In 2001, an entrepreneurial couple from the quaint Qualicum Beach area moved to a 6000-square-foot, Samuel Maclure heritage house in Oak Bay where they would eventually host their childrens’ weddings in the lush garden. As much as they loved the style and craftsmanship of their heritage home, remaining in the manse on an expansive property was unrealistic for this creative couple.
A lower maintenance modern dwelling seemed like an alluring alternative to transition the couple into their next chapter. Locating the perfect lot one day while out for a walk, the rest is history. Designed by Rus Collins of Zebra Group and built by Christopher Walker of Christopher Developments, the result is 4200-square-feet of contemporary architecture where a modern interior meets the comforts of a relaxed west coast dwelling.
Tasked with the challenge of designing a modern home that would preserve the existing streetscape in the established neighbourhood, Collins fashioned a relatively traditional facade with a surprisingly modern interior. The design intent was to create an open concept with an abundance of windows and transitions to create a dialogue with the outdoors. Accentuating the home’s vaulted ceilings and ensuring the main floor would be drenched in natural light, Collins designed a pyramid articulation of square windows on the rear elevation.
After living in their previous home for over a decade, the couple knew exactly what they wanted for their new dwelling and credit Lorin Turner of Zebra Group with material selections, millwork and cabinetry designs. Their complete wishlist included a large open concept kitchen/dining/living area, master bedroom and office on the main floor, a separate guest area with two bedrooms and bathroom upstairs, a mud room, an art studio, meditation room, wine room and a media room.
Creating a fresh take on a west coast contemporary aesthetic, Turner’s goal was to devise a modern backdrop for the homeowner’s vibrant art collection. To keep the open plan with gallery-white walls from feeling too vast, Turner worked her magic with wood and natural materials to bring a warmth and comfort to the airy space. The jumping off point for the overall design was the tile flooring and the sleek three-sided DaVinci fireplace.
Adding asymmetrical interest to the main living area, the DaVinci fireplace was sourced from Washington by the homeowners. “The fireplace proved to be a design challenge in the open concept with the guidelines stating that it had to be visually appealing from all angles, yet not overly imposing to detract from the beautiful window detail,” states Turner. Turner chose a clean, lightly textured Neolith product in Timber Ice for the fireplace surround and a complementary paint colour for the panels above. “The wood boxed beams add detail to the vaulted ceiling but the clean lines keep the effect modern, not rustic.”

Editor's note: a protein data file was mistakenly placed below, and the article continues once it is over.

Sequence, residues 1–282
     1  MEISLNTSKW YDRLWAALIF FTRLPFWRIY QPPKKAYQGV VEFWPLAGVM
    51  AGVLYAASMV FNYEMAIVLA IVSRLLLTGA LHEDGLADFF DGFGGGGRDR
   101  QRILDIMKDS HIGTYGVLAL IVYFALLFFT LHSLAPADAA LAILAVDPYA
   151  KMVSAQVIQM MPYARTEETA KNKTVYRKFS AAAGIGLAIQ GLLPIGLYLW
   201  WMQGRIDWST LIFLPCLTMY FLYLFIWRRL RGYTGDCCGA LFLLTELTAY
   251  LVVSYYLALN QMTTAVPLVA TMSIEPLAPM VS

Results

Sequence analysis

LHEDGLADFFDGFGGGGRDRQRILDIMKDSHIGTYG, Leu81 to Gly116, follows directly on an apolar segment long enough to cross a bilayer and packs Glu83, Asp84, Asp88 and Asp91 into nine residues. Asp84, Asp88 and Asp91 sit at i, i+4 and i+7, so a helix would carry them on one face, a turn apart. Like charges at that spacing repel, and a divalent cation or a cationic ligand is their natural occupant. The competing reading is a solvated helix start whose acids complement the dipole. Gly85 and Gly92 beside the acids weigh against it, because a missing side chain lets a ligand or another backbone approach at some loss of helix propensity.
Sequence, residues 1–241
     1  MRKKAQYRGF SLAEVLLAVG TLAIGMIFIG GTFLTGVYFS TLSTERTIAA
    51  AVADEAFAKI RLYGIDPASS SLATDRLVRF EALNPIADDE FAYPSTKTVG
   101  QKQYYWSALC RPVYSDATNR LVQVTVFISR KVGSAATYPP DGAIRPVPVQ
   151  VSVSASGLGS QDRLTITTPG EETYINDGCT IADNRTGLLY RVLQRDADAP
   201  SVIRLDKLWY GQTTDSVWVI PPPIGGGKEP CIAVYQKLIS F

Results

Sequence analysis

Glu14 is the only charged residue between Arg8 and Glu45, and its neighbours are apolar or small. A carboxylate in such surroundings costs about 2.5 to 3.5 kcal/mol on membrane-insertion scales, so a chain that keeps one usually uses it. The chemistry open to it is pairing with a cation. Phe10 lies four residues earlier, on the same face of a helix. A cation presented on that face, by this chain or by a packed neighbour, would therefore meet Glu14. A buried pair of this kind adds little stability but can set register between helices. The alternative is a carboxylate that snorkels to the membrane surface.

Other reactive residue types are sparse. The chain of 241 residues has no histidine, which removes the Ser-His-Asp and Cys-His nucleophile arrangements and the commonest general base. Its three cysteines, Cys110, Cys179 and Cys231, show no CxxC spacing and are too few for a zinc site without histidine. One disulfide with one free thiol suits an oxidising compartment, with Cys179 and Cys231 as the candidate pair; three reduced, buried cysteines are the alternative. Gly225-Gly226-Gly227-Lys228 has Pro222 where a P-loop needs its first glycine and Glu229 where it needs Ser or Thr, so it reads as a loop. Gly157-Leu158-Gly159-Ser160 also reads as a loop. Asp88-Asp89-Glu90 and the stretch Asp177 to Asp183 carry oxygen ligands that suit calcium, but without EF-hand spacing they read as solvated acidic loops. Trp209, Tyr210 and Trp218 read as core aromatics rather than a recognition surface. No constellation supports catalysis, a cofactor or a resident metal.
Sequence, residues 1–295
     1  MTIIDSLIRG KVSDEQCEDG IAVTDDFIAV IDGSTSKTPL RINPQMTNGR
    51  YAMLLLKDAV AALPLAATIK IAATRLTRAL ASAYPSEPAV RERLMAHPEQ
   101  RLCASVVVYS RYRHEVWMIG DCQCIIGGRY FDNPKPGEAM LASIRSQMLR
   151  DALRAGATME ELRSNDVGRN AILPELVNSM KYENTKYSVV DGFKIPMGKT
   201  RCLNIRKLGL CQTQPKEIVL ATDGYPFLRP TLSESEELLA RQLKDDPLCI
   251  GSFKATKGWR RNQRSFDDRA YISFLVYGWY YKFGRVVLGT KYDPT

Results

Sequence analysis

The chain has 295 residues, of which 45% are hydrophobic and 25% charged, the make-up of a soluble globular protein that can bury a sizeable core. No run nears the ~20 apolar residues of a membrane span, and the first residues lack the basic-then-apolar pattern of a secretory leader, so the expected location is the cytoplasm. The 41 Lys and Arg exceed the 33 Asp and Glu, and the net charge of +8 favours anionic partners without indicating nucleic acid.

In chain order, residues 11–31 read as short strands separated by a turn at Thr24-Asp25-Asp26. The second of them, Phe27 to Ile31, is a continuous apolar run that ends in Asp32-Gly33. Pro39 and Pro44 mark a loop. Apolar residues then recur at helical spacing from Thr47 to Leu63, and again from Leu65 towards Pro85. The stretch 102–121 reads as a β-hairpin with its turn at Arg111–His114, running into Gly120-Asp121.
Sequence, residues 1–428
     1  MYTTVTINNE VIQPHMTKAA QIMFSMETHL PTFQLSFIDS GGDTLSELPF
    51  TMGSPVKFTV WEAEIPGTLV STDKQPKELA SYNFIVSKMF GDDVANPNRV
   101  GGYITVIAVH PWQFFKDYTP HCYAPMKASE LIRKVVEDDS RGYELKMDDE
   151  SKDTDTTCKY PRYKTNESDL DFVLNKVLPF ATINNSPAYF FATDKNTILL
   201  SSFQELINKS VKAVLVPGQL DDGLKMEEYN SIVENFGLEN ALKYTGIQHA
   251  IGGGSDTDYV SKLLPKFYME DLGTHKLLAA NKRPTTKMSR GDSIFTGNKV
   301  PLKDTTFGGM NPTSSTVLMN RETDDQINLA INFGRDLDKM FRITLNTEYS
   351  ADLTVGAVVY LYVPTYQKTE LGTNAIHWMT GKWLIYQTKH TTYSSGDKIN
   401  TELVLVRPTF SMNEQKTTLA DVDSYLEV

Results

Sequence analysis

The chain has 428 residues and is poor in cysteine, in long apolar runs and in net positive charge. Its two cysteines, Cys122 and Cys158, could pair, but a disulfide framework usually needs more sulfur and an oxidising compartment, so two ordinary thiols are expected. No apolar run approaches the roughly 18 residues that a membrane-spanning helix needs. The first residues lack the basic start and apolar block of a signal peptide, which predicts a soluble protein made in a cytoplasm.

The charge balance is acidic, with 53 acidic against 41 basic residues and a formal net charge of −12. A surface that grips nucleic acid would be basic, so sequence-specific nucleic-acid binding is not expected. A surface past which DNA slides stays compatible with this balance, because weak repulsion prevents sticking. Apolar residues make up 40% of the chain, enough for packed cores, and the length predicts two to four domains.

“In order to create an inviting and accessible feel, I sourced textural materials with a matte finish that would inject depth and warmth into the modern aesthetic.” For a sense of rhythm and flow, Turner limited the colour palette and repeated materials and millwork details (such as the ½ inch reveal on the fireplace and columns in the kitchen) throughout the home.
A built-in niche above the fireplace keeps the tv accessible, yet unobtrusive.
The hardworking eat-in island with quartz countertop comfortably seats five, offers plenty of storage and a functional work triangle with prep sink. Over the island, Aplomb suspension pendant lights by Foscarini are made from a concrete amalgam and echo the grey tones of the backsplash and tile flooring.
Flat slab douglas fir on the lower cabinets anchors the open kitchen while the white uppers keep the look fresh and modern. Open shelving offers convenience with a dash of west coast casual.
A naturally lit corner juice bar with open shelving completes this chef’s kitchen. A warm grey mosaic tile backsplash in a driftwood series complements the grey quartz countertop bringing a timeless element to the kitchen.
The homeowners knew they didn’t want hardwood floors on the main level and were seeking a more durable surface to complement indoor/outdoor living. Because of the open concept, Turner sourced a large format (to minimize grout lines) matte finish porcelain tile from the concrete series.
Tempering the angular architecture and maintaining sight lines, a stunning circular suspension light hangs elegantly over the dining table.
Floor to ceiling windows allow natural light to permeate the principal bedroom while double doors, bordered in douglas fir, create a seamless transition to the patio.
Continuing the open concept, an unconventional glass door to the ensuite keeps the feeling light while the bathroom’s functional layout maintains privacy.
A showstopping floating staircase amplifies the home’s breezy feel and creates a sense of weightlessness with glass panels and beautiful wood treads. Repetition of the stacked square windows with reveals becomes a beautiful focal point and speaks to the home’s harmonious flow.
The pièce de résistance is the light-filled art studio Collins designed on the lower level with a private patio. “For my studio, Chris custom designed a glass-topped work table with wheels so that I can move the table easily if I need to. I have a storage area in a separate room for canvases which adjoins my husband’s workshop.”
A master at designing facades that retain a neighbourhood’s vernacular, Collins has honed his architectural approach of creating unassuming facades so that the main living area can interact freely with the landscape while still prioritizing privacy. Creating livable homes with unique features, Collins’ designs are a response to the homeowner’s lifestyle and always capture the essence of the location. “Our home is spacious, bright and comfortable,” says the homeowner, “we couldn’t be happier.”